Boston: Running a Food Truck No Easy Trek

By Jennifer Heldt Powell | Boston Herald

When it’s been cold and rainy for four straight days in September, there’s nothing fun about running a food truck. Business is slow and your mind starts to wander into January and beyond.

Who will brave the chilly New England snows for a Vietnamese sandwich? Will there be a place to park the truck once the snow finally melts? Are you going to have to hire an entirely new crew?

Patrick Lynch generally enjoys running the Bon Me food truck on City Hall Plaza but admits he didn’t quite know what he was in for when he and his wife, Alison Song, signed up for Boston’s food truck contest last year.

“We had talked about starting a restaurant at some point, but we hadn’t got past talking,” he said. “It didn’t really become serious until halfway through the contest.”

The contest is part of an overall effort by the city to expand the local food truck industry.

It was a fast education, Lynch said. People may think that it’s easy to launch a successful food truck business, but that’s only because they haven’t tried it. Winning the contest and landing a coveted spot on City Hall Plaza gave Bon Me a boost, but the apparent ease of entry into the business belies the challenges that follow.

Whether or not it’s cheap to get started depends on your perspective. A new truck costs $70,000 to $120,000 depending on how much equipment you load into it. You also need to have a space to do prep work and store the food when it’s not on the truck. And, you can’t do the job alone.

Song planned to keep her day job and Lynch knew he couldn’t manage the truck by himself. They brought on a partner, Asta Schuette, and then they hired extra help. They’re now up to 17 employees.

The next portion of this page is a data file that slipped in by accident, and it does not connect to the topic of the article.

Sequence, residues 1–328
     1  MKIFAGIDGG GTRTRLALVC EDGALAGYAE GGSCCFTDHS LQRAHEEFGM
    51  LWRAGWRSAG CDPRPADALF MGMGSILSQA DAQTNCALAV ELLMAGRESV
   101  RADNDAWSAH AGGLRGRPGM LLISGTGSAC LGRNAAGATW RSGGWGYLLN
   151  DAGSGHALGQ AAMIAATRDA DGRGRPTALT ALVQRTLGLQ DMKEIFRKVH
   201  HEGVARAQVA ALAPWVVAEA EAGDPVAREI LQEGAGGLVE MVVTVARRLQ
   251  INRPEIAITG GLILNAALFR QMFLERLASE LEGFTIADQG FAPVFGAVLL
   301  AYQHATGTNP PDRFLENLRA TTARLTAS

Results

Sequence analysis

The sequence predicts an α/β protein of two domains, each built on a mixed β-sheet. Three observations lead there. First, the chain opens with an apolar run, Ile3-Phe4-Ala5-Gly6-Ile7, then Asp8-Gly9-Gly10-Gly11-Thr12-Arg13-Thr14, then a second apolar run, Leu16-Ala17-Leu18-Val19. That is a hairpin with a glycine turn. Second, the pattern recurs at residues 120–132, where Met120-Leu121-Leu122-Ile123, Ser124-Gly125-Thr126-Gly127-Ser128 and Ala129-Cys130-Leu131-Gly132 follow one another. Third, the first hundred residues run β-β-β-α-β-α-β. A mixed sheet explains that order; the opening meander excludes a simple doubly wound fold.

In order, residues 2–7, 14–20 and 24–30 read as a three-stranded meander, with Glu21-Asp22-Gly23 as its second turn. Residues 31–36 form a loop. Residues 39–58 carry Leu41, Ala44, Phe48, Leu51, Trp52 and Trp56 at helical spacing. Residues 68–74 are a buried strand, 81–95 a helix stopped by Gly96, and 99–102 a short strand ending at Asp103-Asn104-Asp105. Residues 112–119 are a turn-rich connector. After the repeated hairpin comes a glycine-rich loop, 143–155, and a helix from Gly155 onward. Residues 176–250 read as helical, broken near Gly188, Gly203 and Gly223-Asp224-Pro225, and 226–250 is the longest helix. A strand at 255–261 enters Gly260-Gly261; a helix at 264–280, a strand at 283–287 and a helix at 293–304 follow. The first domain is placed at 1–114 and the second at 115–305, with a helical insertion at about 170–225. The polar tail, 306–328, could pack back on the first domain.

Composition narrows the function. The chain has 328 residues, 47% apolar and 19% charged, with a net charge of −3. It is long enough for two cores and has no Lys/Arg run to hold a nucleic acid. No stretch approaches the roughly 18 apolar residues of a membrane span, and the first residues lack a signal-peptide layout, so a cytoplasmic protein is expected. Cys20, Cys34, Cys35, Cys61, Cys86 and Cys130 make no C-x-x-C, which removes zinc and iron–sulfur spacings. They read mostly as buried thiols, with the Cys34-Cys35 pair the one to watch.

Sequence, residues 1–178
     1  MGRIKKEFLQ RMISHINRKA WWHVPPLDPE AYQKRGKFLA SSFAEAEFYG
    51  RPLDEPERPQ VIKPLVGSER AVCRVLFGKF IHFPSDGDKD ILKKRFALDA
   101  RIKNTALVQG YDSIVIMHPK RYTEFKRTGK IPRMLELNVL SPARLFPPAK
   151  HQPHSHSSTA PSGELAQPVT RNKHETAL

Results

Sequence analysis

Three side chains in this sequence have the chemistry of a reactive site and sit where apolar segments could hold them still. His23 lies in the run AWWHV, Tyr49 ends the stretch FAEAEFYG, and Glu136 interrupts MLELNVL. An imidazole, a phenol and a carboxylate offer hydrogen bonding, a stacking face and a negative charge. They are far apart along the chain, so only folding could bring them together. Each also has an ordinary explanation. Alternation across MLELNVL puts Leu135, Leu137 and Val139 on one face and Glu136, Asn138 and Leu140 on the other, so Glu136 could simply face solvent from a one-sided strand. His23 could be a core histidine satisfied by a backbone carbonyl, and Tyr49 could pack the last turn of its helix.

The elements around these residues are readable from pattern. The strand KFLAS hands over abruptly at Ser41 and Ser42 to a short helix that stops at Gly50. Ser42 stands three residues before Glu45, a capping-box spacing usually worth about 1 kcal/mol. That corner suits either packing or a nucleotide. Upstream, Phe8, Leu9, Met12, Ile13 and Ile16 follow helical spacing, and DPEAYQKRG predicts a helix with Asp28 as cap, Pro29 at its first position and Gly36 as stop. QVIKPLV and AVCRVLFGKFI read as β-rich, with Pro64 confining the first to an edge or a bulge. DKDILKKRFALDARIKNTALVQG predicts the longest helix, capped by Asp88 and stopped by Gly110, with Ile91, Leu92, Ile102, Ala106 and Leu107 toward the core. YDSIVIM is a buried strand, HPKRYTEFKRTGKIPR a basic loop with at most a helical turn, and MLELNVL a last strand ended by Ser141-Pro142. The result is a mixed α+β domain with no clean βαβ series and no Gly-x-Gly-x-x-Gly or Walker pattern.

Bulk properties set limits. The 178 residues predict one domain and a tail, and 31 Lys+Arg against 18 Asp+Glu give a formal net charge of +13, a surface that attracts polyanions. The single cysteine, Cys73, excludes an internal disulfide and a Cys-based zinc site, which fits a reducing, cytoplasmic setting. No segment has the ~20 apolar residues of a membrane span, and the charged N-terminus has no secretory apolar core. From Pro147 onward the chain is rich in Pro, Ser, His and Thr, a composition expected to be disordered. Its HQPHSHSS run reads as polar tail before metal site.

Unlike a stationary restaurant, this one has to be loaded and unloaded every day, which adds to the labor costs. Also, it’s extremely weather dependent.

Revenue expectations were on track for Bon Me through June, and July and August were strong months. However, it remains to be seen how profitable the venture will be this year given the uncertainties of winter.

Over time, Lynch and Schuette have gotten to know their customers. They figured out which days are busier and how much food they would need based on the weather.

All of this knowledge will be useless if they can’t return to the plaza next summer. The permit for City Hall runs through October and then they’ll be considering other places for lunch.

They don’t know what will happen next summer. They do plan on maintaining their dinner spot at Boston University throughout much of the winter, and they’ll keep going on Saturdays to Copley Plaza as long as business there is good.

Although the business has its quirks, at the end of the day it’s in many ways like any other.

“The biggest issue is that once you start working on something, it’s hard to stop working on it. You’ve put so much effort into it,” Lynch said. “When you’re not working on it, you’re thinking about things you can do to make it better and it ends up consuming you.”